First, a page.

This week, the Lieutenant Governor began referring bills to committee and we will soon begin to hear them in committee. The legislative process kills more bills than it passes, which I consider a good thing. Only the best legislation which has had significant public input and survived the hearing process should become law.
Here are five things happening at your Capitol this week:
1. Senate Finance Begins
The Senate Finance Committee, on which I serve, have begun their hearings. Over the next few weeks we will hear the legislative appropriations request from every state agency and higher education institutions, as well as public testimony. These requests are a starting point to determine their budget needs for the next two years.
The hearings have focused on public education and higher education institutions. As this is a tough budget year for the state, we will be studying each of these programs to determine the appropriated funding is being used appropriately to benefit students and help provide the education they deserve.
2. School Finance Workgroup
In addition to the regular work of the Senate Finance committee, The Senate Finance Committee Chair Jane Nelson has appointed a workgroup to study school finance. The workgroup members will work with stakeholders to propose a new simplified school funding structure.
Many of our funding items have not been updated in 30 to 40 years. This is an opportune time to ensure we are providing an equitable system for all school districts across the state, which also meets the needs of the students in those schools. Education has and should continue to be one of the top priorities of the Legislature, and I look forward to working with the members of Senate Finance to ensure we are able to accomplish this task.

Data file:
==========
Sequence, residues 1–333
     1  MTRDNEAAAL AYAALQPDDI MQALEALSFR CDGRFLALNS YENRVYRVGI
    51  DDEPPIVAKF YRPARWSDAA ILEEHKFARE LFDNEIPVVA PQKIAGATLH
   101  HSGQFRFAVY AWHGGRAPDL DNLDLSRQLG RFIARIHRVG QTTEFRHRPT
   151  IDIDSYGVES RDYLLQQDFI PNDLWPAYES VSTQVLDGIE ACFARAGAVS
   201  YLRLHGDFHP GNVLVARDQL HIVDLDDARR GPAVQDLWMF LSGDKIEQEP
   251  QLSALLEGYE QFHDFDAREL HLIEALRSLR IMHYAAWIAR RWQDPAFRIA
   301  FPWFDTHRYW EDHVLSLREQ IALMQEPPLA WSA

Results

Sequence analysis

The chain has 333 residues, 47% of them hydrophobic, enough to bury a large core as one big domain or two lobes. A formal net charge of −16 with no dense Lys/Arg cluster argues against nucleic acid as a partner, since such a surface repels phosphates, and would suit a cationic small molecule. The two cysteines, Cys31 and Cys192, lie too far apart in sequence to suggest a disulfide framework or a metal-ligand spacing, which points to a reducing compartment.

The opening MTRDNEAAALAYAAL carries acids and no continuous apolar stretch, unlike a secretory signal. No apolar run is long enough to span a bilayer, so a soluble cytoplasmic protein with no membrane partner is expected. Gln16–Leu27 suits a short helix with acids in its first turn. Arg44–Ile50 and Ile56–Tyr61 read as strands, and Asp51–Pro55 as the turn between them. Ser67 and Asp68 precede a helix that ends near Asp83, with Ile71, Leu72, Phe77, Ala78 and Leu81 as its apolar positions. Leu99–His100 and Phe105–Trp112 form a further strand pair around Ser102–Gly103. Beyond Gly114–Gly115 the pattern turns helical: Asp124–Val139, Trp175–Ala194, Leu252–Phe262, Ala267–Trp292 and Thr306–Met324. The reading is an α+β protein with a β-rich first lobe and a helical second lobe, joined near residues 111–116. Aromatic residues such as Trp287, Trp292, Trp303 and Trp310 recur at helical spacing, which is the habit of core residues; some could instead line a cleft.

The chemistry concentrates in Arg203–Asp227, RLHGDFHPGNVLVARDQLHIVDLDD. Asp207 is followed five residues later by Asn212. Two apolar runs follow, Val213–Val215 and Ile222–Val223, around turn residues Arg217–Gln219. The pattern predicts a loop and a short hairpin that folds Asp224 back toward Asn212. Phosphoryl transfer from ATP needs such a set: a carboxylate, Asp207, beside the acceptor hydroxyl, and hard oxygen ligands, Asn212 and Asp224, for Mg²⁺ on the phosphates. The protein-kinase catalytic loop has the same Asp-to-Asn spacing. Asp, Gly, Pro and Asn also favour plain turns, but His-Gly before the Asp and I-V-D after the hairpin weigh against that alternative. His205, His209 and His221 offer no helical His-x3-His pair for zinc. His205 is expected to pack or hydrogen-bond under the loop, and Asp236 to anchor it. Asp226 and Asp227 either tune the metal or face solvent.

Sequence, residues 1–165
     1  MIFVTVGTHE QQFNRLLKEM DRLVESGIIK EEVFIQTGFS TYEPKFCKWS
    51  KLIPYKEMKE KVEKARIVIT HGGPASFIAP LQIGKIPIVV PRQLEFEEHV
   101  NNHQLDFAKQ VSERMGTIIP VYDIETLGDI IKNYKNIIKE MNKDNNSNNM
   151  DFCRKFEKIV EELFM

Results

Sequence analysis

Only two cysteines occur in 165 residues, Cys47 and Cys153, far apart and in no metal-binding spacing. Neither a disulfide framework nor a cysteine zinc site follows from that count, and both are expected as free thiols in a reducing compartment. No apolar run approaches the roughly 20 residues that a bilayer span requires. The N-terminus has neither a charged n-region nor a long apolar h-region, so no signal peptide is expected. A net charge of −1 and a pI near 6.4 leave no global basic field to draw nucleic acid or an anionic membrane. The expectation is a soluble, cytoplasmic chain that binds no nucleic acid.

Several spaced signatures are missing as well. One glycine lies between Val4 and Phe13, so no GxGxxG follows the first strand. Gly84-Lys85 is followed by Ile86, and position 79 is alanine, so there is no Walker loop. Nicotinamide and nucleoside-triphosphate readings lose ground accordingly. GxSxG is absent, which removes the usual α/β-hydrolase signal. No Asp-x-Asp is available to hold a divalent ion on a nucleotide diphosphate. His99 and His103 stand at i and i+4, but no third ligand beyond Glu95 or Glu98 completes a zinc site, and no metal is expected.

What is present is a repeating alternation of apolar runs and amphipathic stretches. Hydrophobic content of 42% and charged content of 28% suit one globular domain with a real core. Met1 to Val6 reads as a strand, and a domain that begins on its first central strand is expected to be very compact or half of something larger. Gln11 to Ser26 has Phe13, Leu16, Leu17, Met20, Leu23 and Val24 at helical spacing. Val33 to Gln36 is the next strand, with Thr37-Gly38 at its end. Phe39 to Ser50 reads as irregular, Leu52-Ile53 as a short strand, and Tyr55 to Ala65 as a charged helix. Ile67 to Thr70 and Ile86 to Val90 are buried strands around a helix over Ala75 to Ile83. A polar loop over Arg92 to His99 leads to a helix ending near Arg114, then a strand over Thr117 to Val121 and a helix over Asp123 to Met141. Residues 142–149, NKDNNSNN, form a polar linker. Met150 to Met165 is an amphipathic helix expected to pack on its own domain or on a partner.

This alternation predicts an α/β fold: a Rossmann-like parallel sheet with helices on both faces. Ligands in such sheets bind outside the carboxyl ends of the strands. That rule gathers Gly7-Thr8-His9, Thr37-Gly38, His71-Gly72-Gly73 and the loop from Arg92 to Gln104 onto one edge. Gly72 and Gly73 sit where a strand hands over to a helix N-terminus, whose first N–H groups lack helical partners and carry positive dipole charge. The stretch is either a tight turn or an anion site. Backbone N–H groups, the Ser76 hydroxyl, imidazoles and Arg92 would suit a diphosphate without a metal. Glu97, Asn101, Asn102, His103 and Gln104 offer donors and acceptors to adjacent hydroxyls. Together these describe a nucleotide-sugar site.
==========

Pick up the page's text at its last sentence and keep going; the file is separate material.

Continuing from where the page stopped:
3. Tuition Set-Asides
In 2003, the Legislature required universities to set aside a percentage of an undergraduate, graduate and professional degree students tuition, to be used to provide assistance to students with a financial need. While the set-aside was not meant to be an extra charge to the students, universities have to raise their tuition to cover this set-aside.
I believe this has created a tax on student's tuition. Even if a student has taken out loans to pay
for their education, they will have to take out much more than is needed for their own education to pay for someone else's tuition. Senator Kel Seliger has filed Senate Bill 18, I am also a co-author, which would repeal this set-aside program. I look forward to working with Senator Seliger and supporting him in doing away with this program.
4. Ethics Reform
Transparency and strong ethics laws are critical to good government, which is why I've co-authored Senate Bill 14 with Senator Van Taylor to provide ethics reform in the State. This bill would keep elected officials who are convicted of felonies from staying in office and receiving a state pension. It would also require more disclosure of money and gifts that lobbyists provide to elected officials, as well as prevent elected officials from immediately turning into lobbyists after leaving the Legislature. Finally, it requires elected officials to provide more information about their incomes, including government contracts and legal referral fees. Texans deserve to know whether elected officials may be swayed by special interest groups, and taxpayers should not be paying for these pensions of elected officials who commit felonies.
5. Timeline of Session
Although we have now been in session two weeks the Legislature is not allowed to fully pass any legislation in the first 60 days of the 140-day session unless the Governor designates an item as emergency legislation. This and other provisions help to place even more value on our time and ensure only the most pressing issues are addressed. The framers of the Texas Constitution envisioned a citizen legislature which only meets every other year for a limited amount of days, and is therefore unable to infringe too much on citizens' lives. Many years later, their vision is still being fulfilled.
Below are some important dates to keep in mind for this session:
March 10th - This is the last date bills in the Senate and House can be filed.
May 29th - This is the final day of the 85th regular session, which happens to fall on Memorial Day.
June 18th - This is the last day the Governor can sign or veto bills passed during the regular legislative session.